In Glasgow there’s a women-only whisky club. It was started by 29 year-old Geraldine Murphy after the Murphy family took over the Pot Still Bar three years ago. The traditional pub in Hope Street tends to have a male clientele and the assistant manager wanted women to be able to come in to the bar and feel happy asking staff about one of the largest selection of whiskies in Scotland.
Designing a new building for the Glasgow School of Art to sit alongside Charles Rennie Mackintosh’s masterpiece must have felt like a huge responsibility for american architect Steven Holl. The Reid Building, named after Dame Seona Reid, who stood down as director of GSA last summer, provides a new home for the design school.
Let’s ease our way gently in to Monday morning shall we with this crowd pleasing Joni Mitchell cover by rising Scottish star Siobhan Wilson performing at Roddy Hart’s recent Roaming Roots Revue – a sell out Celtic Connections show Avocado Sweet was lucky enough to attend. The night was a paean to the wordy, gentle and summery sounds of the Laurel Canyon music scene of the 1970s – Joni Mitchell, Crosby Stills
There’s something of the Paris bistro about Guy’s in Glasgow’s merchant city. The decor, with its white wood panelling, wall hung china plates and modern art may be eclectic but it’s a welcome change from the many interior-designed eateries in the city. It’s also an interesting lesson in how important the shape of the location is to a restaurant’s atmosphere; the ‘busy neighbourhood bistro’ feel is largely down to the
Artist Doreen Le Marinel, chic and charming in person and the creator of these sophisticated, tender and deeply feminine works, seems quintessentially French. She hails however from Clydebank, moving to France with her French husband more than 20 years ago. Le Marinel, who is self taught, is inspired by the work of Klimt, Schiele and the sculpture of Camille Claude and exhibits regularly in Brittany where she now lives.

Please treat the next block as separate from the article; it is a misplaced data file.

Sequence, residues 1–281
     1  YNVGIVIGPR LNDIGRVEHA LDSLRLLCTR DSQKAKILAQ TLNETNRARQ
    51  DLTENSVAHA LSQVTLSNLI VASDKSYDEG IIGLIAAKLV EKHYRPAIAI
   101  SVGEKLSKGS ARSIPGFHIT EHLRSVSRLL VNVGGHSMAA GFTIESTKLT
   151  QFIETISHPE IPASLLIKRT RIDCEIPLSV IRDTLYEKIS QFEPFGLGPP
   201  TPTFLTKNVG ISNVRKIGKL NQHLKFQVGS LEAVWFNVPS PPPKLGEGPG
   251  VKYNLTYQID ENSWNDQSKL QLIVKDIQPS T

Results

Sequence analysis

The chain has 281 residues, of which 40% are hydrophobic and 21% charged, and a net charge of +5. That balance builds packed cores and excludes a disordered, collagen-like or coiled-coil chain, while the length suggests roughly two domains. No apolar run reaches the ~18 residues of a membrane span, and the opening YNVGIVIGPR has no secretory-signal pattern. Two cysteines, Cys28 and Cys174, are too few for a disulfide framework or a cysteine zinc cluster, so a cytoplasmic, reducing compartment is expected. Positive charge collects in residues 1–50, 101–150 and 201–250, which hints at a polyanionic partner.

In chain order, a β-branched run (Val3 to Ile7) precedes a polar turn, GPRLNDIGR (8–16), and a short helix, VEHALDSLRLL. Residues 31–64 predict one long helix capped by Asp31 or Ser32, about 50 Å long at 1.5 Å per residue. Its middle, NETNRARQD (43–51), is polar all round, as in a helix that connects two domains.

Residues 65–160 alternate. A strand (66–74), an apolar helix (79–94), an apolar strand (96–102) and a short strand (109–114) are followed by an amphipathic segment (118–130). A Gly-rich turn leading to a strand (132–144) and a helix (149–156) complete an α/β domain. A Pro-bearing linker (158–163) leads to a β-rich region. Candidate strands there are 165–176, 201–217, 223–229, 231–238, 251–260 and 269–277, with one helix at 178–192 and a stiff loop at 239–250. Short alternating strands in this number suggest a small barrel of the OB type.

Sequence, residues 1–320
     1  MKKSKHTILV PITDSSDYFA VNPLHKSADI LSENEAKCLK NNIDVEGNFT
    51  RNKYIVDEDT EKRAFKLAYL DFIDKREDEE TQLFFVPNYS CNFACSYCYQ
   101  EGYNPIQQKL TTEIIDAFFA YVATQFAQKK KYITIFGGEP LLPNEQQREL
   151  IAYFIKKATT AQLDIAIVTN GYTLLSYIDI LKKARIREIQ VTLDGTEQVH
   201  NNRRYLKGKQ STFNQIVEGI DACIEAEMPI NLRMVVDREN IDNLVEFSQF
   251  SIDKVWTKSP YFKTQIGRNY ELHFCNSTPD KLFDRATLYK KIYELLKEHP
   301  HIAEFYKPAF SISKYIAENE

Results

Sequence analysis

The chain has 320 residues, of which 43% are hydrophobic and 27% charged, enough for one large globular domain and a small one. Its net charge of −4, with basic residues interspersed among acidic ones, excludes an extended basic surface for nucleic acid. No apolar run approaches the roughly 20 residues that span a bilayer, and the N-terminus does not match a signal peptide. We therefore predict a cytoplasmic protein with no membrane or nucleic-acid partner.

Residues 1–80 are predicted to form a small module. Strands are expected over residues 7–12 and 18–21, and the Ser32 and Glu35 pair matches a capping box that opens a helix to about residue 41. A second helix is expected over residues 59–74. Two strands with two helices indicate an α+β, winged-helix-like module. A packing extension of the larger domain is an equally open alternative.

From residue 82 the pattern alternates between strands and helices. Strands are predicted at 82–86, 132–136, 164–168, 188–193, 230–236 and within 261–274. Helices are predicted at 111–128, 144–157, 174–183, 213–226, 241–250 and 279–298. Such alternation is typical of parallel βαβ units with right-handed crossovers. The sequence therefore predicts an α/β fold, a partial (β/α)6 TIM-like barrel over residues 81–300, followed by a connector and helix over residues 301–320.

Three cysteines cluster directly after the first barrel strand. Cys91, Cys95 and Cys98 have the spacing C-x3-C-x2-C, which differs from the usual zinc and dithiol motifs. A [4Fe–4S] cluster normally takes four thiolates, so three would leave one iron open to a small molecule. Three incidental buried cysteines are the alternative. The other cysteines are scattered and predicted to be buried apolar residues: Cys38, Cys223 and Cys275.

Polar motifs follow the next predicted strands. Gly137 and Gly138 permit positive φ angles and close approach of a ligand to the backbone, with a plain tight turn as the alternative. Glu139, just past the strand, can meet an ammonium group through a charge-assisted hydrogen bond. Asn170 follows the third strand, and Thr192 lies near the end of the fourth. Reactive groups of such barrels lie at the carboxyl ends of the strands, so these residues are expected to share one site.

These 1960s plans for Irvine ‘New Town’ show the architects had the best intentions even if the results attracted controversy. Irvine was officially designated as a ‘New Town’ in 1966, the fifth and last to be developed in Scotland and the only ‘new town’ to be located on the coast. The other Scottish ‘New Towns’ were East Kilbride, Glenrothes, Cumbernauld and Livingston. Plans are afoot for Irvine. There is the
BalconyTV films bands from balconies around the world. The Black Cab Sessions films from black cabs. Fittingly for Scotland, Tenement TV is recorded in a tenement flat. In 2011, aged 23, Chae Houston, started filming bands from his flat in the west end of Glasgow with the help of his flatmates – cameraman Jamie Logie and Paul McJimpsey. At the start, Paul, who has a promotions company, used his contacts
The first Sunday Assembly outside London will take place in Glasgow on 31 March. The venue is still being finalised, but the speaker is Scottish comedian Susan Calman (bottom picture). The Sunday Assembly is an atheist church started by Sanderson Jones (pictured below) and Pippa Evans. Using comedy to attract an audience to church seems an obvious idea that hadn’t occurred to anyone until Jones and Evans came along. In
We are delighted to bring you an exclusive interview with Toby Paterson, one of Scotland’s most successful contemporary artists. Here he discusses the impact of place in public art. Artworks appear courtesy of the artist and The Modern Institute. AS: Public art – is there any point? TP: In terms of the built environment, art is the prism through which everyday experience can be elevated beyond the utilitarian and the mundane.
Sonica, Glasgow first sonic arts ‘festival’ might be both flattered and bemused by Grazia magazine’s ‘brilliant but bonkers’ tag. But it does serves as a warning to those who are fairly traditional when it comes to visual art and sound. The brilliant bit is the radical nature and the theatricality of the performances. Lithuanian composer Juste Janulyte presents the Scottish premiere of her work Sandglasses (8 & 9 Nov, Tramway),